Now that we’ve talked about the different ways HR teams can use HR analytics, let’s walk through each step of the data collection and analysis process.
Most HR analytics data is collected via three tiers of HR systems. Here’s a breakdown:
HR teams often use an ETL (extract, transform, load) data management process to extract the data from HR systems and put it into a data visualization tool. That way, it’s easier to analyze.
Some larger companies have data analysts specifically dedicated to finding the insights in the numbers. While smaller companies might have one or two people managing the HR systems and doing the data analysis and reporting. The more employees and systems you have, the more HR specialists you’ll need.
Key HR metrics and reporting strategies will vary between companies, depending on their size, goals, and HR team. Here are some general metrics that are trackable via HR analytics.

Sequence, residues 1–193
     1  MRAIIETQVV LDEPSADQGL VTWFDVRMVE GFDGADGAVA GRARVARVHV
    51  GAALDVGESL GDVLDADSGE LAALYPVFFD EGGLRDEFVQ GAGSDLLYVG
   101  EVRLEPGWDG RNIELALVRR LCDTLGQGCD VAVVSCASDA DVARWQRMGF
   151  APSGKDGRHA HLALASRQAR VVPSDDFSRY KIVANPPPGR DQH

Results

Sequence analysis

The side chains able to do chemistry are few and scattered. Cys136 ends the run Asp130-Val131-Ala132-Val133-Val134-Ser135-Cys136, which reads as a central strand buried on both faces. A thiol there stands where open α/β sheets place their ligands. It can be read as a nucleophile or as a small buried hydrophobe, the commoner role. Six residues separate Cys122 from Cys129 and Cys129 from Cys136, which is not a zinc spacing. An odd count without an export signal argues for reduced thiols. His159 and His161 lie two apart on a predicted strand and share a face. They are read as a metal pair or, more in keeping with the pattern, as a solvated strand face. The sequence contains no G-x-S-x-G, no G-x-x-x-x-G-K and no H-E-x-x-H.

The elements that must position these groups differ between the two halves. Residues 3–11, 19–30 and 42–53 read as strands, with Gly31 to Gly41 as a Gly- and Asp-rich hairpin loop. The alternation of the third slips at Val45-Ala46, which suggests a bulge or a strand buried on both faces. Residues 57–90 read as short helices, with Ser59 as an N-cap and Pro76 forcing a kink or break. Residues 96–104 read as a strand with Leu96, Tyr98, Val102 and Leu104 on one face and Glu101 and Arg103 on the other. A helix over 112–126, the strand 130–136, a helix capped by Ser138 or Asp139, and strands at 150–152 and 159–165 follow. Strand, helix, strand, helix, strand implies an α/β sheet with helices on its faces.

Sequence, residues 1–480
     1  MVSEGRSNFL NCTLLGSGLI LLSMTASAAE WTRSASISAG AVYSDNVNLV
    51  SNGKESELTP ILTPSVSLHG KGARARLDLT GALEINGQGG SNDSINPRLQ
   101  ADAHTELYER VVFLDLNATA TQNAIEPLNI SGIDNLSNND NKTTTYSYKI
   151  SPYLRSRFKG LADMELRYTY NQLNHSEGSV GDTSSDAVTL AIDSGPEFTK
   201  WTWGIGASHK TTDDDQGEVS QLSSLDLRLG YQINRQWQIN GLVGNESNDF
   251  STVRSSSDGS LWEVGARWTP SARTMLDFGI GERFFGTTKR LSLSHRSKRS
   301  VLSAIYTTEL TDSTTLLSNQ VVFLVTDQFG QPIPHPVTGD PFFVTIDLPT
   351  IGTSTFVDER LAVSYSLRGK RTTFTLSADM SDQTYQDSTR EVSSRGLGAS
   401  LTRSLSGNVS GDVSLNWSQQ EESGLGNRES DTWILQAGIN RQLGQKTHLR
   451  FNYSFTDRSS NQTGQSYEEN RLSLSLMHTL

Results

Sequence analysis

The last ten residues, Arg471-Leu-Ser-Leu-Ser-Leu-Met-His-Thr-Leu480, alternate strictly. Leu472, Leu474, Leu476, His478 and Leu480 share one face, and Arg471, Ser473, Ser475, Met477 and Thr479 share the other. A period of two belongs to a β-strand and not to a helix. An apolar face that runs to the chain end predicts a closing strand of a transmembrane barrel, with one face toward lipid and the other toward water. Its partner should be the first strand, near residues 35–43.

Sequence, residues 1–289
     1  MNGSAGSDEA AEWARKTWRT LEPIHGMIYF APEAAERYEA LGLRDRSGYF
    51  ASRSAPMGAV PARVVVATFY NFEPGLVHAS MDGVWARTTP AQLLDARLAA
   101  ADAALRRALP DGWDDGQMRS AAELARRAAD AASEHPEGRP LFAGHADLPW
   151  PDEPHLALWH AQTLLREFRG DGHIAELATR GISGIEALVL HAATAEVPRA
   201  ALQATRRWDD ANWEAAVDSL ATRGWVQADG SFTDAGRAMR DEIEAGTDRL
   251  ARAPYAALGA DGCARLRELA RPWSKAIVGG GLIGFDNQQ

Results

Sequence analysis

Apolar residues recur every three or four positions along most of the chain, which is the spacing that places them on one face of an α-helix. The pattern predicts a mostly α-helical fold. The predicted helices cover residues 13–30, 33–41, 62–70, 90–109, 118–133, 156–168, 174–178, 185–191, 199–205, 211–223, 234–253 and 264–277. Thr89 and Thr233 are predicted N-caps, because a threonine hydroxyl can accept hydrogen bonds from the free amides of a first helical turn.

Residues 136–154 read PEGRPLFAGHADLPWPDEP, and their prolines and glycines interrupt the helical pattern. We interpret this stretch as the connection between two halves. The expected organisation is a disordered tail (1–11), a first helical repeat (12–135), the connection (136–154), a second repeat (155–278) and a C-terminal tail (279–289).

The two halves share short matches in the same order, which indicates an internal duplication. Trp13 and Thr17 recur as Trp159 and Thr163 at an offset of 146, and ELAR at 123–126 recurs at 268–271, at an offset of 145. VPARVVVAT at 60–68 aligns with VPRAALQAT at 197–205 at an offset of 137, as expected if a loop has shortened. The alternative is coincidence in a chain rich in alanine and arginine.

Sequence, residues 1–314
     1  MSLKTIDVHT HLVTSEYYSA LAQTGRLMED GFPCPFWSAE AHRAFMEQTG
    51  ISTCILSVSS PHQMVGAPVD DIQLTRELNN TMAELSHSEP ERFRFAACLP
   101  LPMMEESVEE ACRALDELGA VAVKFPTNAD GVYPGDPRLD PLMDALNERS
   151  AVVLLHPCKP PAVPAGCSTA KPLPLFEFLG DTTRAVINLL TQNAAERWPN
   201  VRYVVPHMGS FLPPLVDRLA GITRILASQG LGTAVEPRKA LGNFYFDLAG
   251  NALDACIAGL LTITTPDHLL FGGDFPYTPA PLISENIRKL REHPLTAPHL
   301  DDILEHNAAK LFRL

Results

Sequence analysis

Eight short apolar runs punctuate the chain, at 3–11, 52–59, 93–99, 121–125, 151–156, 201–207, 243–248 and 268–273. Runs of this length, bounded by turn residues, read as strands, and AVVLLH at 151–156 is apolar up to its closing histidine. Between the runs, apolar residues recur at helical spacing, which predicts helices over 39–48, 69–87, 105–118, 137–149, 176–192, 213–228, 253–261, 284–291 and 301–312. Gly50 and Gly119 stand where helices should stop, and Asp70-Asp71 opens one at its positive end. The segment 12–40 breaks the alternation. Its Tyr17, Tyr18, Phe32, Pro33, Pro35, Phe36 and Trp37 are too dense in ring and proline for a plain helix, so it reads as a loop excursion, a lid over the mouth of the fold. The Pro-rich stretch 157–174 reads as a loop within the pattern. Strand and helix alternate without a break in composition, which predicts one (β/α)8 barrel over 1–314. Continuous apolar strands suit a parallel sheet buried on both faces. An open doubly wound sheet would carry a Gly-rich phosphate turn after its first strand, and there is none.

HR analytics help HR teams set goals, measure success, and optimize processes so the company can focus on driving revenue. When used responsibly and effectively, HR analytics provide the insights companies need to tackle difficult challenges like lack of diversity or a high turnover rate. Data takes the guesswork out of HR, allowing HR teams to become subject matter experts trusted by the C-suite.
Meredith Metsker is a content marketing specialist at Emsi, a labor data analytics firm. As a journalist-turned-marketer, she specializes in data-driven storytelling about HR, people analytics, talent acquisition, and the U.S. economy. When she’s not swimming in data, this Idaho native enjoys camping and hiking (often in national parks) with her husband.